the buyers gets ripped off. naked shorting and selling worthless bonds's all about maintaining a fair market for all market participants. fair market price.

    monopolies are illegal market capitalism means free from market collusion. no illegal monopolies, no market manipulation etc.. i think most of this legal stuff is known to professionals.

    by your same logic why is insider information even illegal...insider information isn't immoral and in my opinion there is no insider trading as information always gest the time it's 'news' and you can't trust the news.

    and with market manipulation you get these crazy crashes it's just screws up the market. and market corrections. the oil and commodity markets are 'illegal' meaning only handful or real sellers and buyers who actually deliver and ship the oil. the saudis and a few oil suppliers can shut down oil supplies if it wanted to. but that would piss off importers of oil. and oil consumers.

  5. +1

    if you had the wealth of bill gates there should be no issue whatsoever with you putting every dollar you have in silver if that is what you want to invest your wealth in (hell you should even be allowed to do it at 10:1 leverage if you wish). it's a shame so many people want to rid themselves of the personal responsibility that comes with making a decision, but rather look to the government for permission at every turn (or expect others to). the government should be completely hands-off on the economy and there should never be a bail out for anyone. the government shouldn't even back bank accounts as it does because when you give people rope to hang themselves on, they hang themselves eventually.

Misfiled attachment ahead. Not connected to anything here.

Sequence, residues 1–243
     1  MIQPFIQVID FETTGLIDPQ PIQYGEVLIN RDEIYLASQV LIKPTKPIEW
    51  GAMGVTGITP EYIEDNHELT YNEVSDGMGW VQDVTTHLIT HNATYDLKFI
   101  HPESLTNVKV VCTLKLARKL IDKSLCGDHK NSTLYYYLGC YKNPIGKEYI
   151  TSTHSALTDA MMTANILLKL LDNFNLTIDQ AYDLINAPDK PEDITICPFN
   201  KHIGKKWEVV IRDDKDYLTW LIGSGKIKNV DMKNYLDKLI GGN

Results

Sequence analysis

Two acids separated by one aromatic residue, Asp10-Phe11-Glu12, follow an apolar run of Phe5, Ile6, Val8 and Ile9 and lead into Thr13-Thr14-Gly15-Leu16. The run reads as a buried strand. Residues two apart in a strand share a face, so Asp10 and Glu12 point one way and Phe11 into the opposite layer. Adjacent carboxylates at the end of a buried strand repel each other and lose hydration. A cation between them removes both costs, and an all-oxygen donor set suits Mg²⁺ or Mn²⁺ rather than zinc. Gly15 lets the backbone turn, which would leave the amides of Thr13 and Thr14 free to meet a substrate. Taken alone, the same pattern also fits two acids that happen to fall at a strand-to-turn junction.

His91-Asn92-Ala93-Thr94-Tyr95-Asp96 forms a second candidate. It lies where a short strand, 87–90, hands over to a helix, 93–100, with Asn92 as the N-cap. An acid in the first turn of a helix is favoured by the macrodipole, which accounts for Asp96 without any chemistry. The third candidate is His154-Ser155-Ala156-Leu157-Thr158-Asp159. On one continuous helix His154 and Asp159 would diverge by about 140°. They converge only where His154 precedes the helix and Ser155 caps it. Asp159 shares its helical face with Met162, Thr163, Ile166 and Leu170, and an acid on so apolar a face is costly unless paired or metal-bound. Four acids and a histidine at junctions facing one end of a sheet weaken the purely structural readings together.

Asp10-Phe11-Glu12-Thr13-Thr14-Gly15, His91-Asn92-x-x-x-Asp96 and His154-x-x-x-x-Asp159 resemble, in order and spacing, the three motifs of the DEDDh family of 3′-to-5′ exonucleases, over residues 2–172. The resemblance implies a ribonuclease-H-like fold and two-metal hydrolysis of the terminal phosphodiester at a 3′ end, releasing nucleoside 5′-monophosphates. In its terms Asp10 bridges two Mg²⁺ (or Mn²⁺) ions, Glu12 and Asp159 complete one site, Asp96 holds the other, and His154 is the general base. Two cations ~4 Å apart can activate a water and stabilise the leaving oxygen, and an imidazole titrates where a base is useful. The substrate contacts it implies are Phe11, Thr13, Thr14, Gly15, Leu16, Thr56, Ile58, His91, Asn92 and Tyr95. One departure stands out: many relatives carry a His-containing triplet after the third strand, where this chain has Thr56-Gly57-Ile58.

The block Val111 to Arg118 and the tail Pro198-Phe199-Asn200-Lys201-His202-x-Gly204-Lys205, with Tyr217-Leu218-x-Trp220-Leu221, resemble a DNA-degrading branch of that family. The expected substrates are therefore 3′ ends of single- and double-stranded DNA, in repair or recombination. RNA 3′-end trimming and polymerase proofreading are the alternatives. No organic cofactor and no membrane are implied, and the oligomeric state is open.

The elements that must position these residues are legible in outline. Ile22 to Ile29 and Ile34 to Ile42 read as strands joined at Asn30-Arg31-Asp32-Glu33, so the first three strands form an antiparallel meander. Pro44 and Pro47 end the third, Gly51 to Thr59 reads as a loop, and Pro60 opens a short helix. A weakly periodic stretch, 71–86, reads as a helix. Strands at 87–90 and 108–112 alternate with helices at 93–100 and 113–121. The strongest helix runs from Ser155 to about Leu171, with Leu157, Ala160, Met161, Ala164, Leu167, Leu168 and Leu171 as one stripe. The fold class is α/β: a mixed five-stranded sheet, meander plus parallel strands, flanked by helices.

it will be interesting though if these absurd rules do get enacted, it could easily be a catalyst for a huge crash in commodities (however breif it may last) as these concentrated positions are liquidated. although since it sounds like they are on the positions are held on the LME it is also quite likely that the US government has no jurisdiction there so it won't matter anyways.

    also look at the copper position- it is a mere 1.5 billion$ position, so there are 64 people who could personally hold this position while placing less than 15% of their wealth in 1 position (which most people would not view as overly concentrated position). there are also 616 people who could have that position without any leverage. so in a nutshell, who cares, let them do what they wish, just don't bail them out if they are wrong. the government should pass laws making it completely illegal to bail out any parties on any transaction in the future.
  6. trendy


    Thanks for saving me the time of calling you a Dumb Mother.
  7. always better if your opponent thinks you are bad at what you do- just ask OMGclayaiken

    i also notice that you can't tell me what part of my position you disagree with. is it the part where i think you should be able to invest your own money how you see fit? or the part where i say that if it doesn't work out you should eat your loss and never look to others to bail you out?